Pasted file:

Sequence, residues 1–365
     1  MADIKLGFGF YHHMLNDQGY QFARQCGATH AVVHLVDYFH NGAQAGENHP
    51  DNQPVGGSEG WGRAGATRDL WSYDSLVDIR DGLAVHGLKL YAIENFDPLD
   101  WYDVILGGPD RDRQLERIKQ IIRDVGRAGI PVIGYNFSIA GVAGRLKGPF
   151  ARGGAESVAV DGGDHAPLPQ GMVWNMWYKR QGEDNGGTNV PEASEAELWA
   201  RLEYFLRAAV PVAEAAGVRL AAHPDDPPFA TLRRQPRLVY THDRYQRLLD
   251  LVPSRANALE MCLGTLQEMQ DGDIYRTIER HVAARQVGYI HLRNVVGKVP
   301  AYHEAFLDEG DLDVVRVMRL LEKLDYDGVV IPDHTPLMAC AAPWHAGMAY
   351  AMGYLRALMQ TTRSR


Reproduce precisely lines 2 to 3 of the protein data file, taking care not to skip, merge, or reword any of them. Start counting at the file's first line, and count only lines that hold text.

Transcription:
     1  MADIKLGFGF YHHMLNDQGY QFARQCGATH AVVHLVDYFH NGAQAGENHP
    51  DNQPVGGSEG WGRAGATRDL WSYDSLVDIR DGLAVHGLKL YAIENFDPLD